Early 20th Century – Modern Art

Between the great World Wars of the first half of the twentieth century, Australian artwork began to depict the fear and insecurity that was inherent in society at that time. Artists began to adopt techniques from European expressionism, surrealism and social realism. As a result of federation, artists began to turn to Australian myths, legends, and lifestyles to depict the changing national identity.

Arthur Boyd, for example, used inspiration from the Bible to create Australian myths that expressed the horror of war. Photographer Max Dupain captured some of Australia’s most iconic early photographs of locals at leisure on Sydney’s beaches.

Sidney Nolan seized Australian legends to represent unusual depictions of the country’s history. His Ned Kelly series, influenced by surrealism, is one of the most celebrated and recognisable works of art in the country today.

Contemporary Art

Australia’s art scene continues to flourish. Artists carry on exploring abstract art and popular culture, and depicting the Australian landscape and its history in an attempt to delve into what it means to be Australian.

Photographers in particular have thrived amid the diverse landscapes and cityscapes this country has to offer. Ken Duncan, Jack Atley, and Steve Parish have all contributed a vast library of images to help expand Australia’s representation in the art world.

There is no doubt that Australian artists will have plenty more to offer to the art world in the future. On this vast continent with its multiethnic society today, artists are overwhelmed with subject material. Their creation of art not only helps to explore Australia’s identity, but to define it themselves.

Richard Tarrant - Bio

Richard Tarrant - Founder and CEO of PictureStore Pty Ltd
Richard is founder and CEO of PictureStore and has worked since October 2000 to make wall art accessible to all Australians. Google+

All Art Articles >>

Improve Your Art Knowledge

How to create your own NYC loft at home  NYC loft conversions are quickly becoming popular design inspiration. Here’s how to bring down town New York’s grungy style to your own home.

7 Things You Never Knew About Sidney Nolan  Sidney Nolan is one of Australian’s most beloved artists, but there’s more to the man than his art. Learn 7 things you never knew about Nolan.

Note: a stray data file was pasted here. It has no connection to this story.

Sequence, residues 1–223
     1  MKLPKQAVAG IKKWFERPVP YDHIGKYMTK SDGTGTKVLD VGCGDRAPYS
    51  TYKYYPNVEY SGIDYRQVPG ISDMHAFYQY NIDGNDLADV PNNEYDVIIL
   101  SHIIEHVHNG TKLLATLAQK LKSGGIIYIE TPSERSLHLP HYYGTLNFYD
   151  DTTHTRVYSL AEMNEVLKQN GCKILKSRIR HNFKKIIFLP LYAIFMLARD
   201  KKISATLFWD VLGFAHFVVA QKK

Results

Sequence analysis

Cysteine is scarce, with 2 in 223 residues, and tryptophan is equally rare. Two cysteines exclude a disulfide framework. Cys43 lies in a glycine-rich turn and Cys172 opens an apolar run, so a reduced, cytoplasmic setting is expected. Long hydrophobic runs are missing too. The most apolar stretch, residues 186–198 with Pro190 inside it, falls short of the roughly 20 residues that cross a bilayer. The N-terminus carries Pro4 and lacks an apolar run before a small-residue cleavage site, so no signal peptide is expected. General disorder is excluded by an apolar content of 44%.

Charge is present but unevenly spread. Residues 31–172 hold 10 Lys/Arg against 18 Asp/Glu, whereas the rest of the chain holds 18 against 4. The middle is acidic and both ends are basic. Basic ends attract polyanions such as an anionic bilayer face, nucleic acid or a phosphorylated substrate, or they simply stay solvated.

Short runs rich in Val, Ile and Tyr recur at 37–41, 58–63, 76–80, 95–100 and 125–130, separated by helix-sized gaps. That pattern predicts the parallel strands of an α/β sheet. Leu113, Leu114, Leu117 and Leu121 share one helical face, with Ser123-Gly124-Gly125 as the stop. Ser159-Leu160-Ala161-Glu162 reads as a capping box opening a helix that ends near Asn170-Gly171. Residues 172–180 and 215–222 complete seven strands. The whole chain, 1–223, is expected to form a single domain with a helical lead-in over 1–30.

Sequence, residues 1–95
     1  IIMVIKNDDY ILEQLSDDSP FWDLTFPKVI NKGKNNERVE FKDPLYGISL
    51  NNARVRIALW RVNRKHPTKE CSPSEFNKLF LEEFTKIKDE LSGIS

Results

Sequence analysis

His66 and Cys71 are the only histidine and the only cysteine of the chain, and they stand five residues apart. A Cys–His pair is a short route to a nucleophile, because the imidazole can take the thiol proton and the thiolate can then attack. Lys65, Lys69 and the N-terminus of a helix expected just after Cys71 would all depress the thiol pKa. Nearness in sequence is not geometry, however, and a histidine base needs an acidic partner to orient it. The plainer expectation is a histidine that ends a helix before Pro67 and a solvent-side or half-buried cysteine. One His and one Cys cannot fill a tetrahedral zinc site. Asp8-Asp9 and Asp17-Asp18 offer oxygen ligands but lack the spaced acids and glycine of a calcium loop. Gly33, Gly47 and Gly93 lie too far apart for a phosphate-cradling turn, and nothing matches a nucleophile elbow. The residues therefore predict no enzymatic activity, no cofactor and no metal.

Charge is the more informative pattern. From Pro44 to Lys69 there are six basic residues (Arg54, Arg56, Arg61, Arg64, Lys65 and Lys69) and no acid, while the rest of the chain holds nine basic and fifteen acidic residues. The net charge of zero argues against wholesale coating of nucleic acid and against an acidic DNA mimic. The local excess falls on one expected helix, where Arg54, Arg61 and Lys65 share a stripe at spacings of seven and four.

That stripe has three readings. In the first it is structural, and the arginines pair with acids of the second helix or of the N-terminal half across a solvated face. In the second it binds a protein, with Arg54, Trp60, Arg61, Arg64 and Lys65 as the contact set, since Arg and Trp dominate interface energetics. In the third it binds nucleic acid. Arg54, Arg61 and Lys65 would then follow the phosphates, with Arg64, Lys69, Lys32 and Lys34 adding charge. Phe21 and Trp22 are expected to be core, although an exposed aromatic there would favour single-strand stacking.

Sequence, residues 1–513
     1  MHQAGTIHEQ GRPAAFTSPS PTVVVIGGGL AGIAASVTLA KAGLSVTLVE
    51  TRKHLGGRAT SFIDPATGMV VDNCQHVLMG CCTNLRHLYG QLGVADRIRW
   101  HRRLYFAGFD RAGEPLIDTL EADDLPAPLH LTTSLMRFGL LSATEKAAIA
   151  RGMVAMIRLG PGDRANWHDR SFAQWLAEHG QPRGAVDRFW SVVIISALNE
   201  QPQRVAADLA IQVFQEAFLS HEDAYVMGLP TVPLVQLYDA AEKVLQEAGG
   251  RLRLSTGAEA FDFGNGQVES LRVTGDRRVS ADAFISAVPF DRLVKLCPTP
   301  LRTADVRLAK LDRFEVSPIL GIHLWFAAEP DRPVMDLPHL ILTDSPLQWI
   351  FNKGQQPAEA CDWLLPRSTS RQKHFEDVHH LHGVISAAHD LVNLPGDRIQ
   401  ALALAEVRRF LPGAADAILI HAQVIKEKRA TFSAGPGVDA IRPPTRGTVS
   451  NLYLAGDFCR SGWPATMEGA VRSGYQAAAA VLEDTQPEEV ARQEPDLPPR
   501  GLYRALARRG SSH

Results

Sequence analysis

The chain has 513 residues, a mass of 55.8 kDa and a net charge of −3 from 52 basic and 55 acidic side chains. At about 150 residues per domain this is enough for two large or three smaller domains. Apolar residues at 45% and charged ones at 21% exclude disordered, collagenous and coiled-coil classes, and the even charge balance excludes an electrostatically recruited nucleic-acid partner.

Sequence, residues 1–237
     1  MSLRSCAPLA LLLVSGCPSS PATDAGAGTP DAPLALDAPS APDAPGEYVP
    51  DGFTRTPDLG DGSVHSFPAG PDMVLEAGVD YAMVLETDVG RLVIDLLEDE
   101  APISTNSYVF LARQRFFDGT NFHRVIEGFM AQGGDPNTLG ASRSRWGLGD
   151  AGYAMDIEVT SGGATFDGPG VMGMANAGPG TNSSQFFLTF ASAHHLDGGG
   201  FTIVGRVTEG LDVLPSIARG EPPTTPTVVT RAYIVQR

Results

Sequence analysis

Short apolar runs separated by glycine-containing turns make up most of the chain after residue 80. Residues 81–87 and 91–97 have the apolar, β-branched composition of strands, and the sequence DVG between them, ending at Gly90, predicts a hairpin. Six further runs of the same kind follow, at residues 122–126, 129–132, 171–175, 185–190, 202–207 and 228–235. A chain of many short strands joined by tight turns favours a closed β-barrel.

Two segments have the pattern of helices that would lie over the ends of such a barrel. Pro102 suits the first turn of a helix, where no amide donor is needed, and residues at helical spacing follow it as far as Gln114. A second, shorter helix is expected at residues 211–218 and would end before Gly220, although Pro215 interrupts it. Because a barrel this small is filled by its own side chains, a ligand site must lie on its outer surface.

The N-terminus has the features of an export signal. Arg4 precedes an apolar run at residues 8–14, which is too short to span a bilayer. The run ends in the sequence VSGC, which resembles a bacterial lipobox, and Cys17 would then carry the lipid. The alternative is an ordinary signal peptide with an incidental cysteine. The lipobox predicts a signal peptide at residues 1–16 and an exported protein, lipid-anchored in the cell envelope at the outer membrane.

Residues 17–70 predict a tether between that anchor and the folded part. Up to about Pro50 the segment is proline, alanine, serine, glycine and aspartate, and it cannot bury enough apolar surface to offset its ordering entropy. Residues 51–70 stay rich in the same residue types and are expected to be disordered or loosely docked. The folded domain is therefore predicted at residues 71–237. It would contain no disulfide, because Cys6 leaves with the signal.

A Short History of Australian Art  Australian art has a unique history with a strong indigenous heritage. This art explores Australia’s identity.

Finding Inspiration in Social Media  Being stylish doesn’t always require an interior decorator. With inspiration from social media, you can let your inner designer shine.


Did You Know?

Be Inspired by Andy Warhol  Andy Warhol was one of the most prolific, talented and influential artists of the 20th century, best known as a founder of Pop Art.

Tools to Help You Decorate

Help! I’ve Run Out of Inspiration: Where to Find Inspiration for Interior Design  With so many websites available for interior design inspiration, here's our attempt to weed out some of the best.

Good Feng Shui For Your Walls  Harness the power of good Feng Shui in you space to create positive energy, good health and fortune.

Four of Australia's Best Interior Design Publications To Help You Create Your Home Space  Interior design is not for the weak-hearted so take a lesson from some of the best Australian design publications available.

Solve your Decoration Problems

8 Ways to Make Your Living Space Dazzle with Art Deco Pizzazz  Art Deco was born out of the newfound wealth, freedom and hope of the Roaring Twenties with a style that is bold, slick and classy.

What is it about art that helps you relax?  Art is a form of expression. Just as it has been created in a specific frame of mind, so can it influence mood when viewed.

Your Local Art Scene

Australia’s Most Photographed Landmarks  Australia is an extraordinarily diverse country and we’ve captured this diversity with our list of some of the most photographed landmarks.

Why shop with us?

  • Quality posters, art prints & picture framing from Australia’s own PictureStore
  • Delivery World-wide
  • Backed by a Best Price Guarantee
  • Trusted by over 40,000 happy customers
  • Money back guarantee, Australian customer care, call 1300 137 670

Receive the latest offers. Get 10% discount in your next order

Opt out anytime. Your privacy

The PictureStory